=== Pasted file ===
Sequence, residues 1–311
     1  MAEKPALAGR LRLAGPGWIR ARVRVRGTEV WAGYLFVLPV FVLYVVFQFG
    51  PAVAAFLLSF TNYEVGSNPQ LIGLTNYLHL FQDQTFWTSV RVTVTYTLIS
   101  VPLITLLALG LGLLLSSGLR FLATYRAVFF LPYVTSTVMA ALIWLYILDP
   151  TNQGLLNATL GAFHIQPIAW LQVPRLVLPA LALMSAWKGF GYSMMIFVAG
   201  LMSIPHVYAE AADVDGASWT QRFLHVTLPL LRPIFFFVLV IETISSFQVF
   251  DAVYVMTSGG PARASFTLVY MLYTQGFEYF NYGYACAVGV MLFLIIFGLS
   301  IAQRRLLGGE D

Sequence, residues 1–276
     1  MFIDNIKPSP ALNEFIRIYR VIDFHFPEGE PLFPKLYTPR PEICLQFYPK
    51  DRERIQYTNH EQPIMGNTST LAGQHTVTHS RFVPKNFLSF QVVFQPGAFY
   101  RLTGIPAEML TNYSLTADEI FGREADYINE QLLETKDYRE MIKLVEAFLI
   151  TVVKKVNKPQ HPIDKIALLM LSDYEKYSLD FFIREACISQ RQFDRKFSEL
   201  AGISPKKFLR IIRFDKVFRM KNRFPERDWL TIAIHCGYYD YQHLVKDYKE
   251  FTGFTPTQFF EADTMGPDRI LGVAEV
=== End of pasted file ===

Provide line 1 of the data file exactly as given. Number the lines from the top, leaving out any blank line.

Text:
Sequence, residues 1–311